Gil Edelman

About Gil

Gil Edelman

CTO

San Francisco

+1 844 946 SVSG ex. 704

During two tenures as a startup CTO he contributed value in all stages of company building, from early stage development, through multiple investment rounds, and a successful exit. He has served as an architect of ecommerce, SaaS, crowdsourcing, and payments platforms. He also has a background in embedded systems and earned an MS degree after completing his graduate work at UC San Diego.

Interview

Can you describe the business challenge at JDPA and why you and the SVSG team were a good fit for the project?

JDPA’s enterprise customers had various needs that required highly specialized domain expertise – their product didn’t support mobile users, there were big data processing challenges, and a lack of analytics dashboards. In addition, JDPA needed support driving consensus on technology choices and implementation within the organization’s existing roadmap.

We were a great fit because we were able to understand the organization’s needs and spin up a bench of highly specialized CTOs and engineers with industry expertise to drive consensus on technology decisions, to fill internal gaps, and to advise and execute as high-level architecture consultants.

How did you structure the engagement?

We started by benchmarking JDPA’s internal engineering team. their current practices, and methodologies. Following this technology “audit” or “assessment” we dug deep into business requirements to outline a product roadmap and make recommendations on technology and product direction.

Based on JDPA’s business needs and goals, we put together a specialized team of engineers with the appropriate technology stack and skills. We then streamlined a process for scoping out features and integrating with the in-house engineering team. Our process made it possible for each team to work productively on different parts of the platform. We were able to achieve continuous delivery, integration, and testing.

What were the biggest challenges with the engagement and how did you overcome them?

Lack of internal resources presented a significant challenge. There was so much that needed to be accomplished in a short period of time and limited design and product resources became a bottleneck when trying to achieve good product definition or gathering requirements from customers. We were able to overcome this by assessing and identifying the right gaps and then bringing in SVSG resources to fill in.

There were also significant architecture challenges. Specifically, there was lots of legacy code and consequently process challenges. There was a lack of continuous integration, deployment, and automated testing. The consequent of this is that releases had a lot of brittleness with errors that would bubble up to customers. A really long release cycle meant that JDPA product team wasn’t able to deliver value as quickly as they could have (a 3-4 week regression cycle can be devastating for successful product development).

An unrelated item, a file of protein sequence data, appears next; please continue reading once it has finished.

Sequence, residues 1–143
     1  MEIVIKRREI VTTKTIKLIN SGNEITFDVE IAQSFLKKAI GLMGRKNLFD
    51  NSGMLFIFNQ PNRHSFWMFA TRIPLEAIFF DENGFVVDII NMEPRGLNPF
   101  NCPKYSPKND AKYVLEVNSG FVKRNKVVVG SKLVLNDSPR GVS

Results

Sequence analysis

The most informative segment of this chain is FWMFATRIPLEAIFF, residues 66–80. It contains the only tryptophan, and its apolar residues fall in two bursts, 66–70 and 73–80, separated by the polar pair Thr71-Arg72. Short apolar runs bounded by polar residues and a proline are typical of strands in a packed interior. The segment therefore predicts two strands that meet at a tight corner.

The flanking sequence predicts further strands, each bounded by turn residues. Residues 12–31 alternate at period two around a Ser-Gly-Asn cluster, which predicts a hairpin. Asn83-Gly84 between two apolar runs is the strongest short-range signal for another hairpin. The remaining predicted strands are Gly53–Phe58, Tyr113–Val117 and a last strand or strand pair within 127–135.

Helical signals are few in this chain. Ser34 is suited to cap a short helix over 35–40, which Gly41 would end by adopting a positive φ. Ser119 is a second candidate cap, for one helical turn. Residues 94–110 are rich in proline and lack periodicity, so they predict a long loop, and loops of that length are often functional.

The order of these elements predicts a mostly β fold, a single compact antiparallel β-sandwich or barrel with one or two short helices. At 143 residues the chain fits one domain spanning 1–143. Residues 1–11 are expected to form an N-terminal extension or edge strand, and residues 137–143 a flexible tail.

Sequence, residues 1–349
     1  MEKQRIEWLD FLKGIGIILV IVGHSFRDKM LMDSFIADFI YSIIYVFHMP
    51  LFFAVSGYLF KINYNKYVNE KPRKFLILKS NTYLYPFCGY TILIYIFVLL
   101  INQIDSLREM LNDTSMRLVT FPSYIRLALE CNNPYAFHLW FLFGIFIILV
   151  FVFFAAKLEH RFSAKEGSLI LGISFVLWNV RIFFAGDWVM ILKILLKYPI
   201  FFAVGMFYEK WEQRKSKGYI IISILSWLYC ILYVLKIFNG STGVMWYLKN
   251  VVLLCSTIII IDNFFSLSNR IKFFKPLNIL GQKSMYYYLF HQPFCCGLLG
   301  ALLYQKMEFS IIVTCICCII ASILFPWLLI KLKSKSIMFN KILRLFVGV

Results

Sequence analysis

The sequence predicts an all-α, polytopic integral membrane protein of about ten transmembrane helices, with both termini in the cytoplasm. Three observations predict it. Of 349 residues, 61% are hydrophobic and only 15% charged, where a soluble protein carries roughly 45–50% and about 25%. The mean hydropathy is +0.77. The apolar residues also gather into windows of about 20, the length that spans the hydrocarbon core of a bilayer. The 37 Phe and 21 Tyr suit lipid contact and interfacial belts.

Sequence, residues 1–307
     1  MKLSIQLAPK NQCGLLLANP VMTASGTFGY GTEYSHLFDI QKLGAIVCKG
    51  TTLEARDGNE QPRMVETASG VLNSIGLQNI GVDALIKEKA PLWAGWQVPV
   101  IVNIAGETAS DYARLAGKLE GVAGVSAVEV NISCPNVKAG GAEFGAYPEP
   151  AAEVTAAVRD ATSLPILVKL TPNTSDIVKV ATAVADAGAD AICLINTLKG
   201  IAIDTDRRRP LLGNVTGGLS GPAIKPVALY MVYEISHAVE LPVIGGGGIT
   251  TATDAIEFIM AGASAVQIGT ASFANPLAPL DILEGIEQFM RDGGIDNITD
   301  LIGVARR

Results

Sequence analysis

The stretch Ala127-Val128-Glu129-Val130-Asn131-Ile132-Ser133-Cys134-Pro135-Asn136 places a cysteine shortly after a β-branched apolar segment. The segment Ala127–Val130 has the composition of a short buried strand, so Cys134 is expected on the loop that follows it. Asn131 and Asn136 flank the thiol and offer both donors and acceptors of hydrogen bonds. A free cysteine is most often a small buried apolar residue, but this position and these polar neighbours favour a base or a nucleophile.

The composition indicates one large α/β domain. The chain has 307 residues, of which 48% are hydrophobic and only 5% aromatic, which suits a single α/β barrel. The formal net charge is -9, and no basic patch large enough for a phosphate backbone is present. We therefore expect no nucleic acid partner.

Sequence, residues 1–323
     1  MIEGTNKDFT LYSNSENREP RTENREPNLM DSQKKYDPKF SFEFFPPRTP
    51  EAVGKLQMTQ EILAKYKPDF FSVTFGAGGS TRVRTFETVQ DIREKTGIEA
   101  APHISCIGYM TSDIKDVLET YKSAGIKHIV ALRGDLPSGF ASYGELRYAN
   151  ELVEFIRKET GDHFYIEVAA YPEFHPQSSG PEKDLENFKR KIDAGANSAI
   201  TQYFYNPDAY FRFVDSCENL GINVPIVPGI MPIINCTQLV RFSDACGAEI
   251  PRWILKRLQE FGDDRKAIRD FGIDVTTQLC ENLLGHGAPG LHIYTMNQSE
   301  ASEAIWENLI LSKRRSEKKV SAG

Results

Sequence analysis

We were able to help by calling out low hanging opportunities for improvement and implementing them. We provided a migration path and strategy for the internal team to implement and develop products at Silicon Valley speed.

What were the key results and insights? What were the biggest benefits for the client?

The biggest challenge when refactoring is that you’re developing against a moving target. Achieving feature parity between different versions of the product by driving consensus was the most significant result.  We were a strong voice in the organization and were able to guide management in a direction that avoided double implementation.

Ultimately, we had helped JDPA achieve it’s goals by first benchmarking and then leading with Silicon Valley best-practices. We architected a completely new product while rolling out necessary updates to their old product, took an approach that allowed us to launch an iOS app at the same time as the Android app, and refactored their API. We solved strategic technical challenges, eliminated or worked around significant amounts of technical debt, and drove consensus on technical and product in partnership with management.

How did you measure the ROI?

Measuring ROI in an engagement like this comes down to benchmarking. It’s actually pretty simple: you need to understand the existing teams velocity, internal estimates for building features, and then demonstrate that you are able to build the same features faster and cheaper with the same scope vs. the internal team. And that’s what we did.

What are the most significant technology trends and challenges you are seeing for CEOs and CTOs today?

The answer to this varies by industry but one common challenge that we see everyday is managing technical debt. That is, having to deal with scale and large amount of data, scaling existing technologies and infrastructures, dealing with legacy applications, code, and infrastructure, and finding a way to move forward to new tech stacks, languages, and tools to drive business results.

If a legacy application is expensive to maintain and hard to extend and it doesn’t fulfill customers needs, it’s hard to be competitive against newer companies, startups and investors.

Bernard Frankel (SVSG CTO & Practice Lead) actually wrote a great white paper on this (linked to Bernard’s article).

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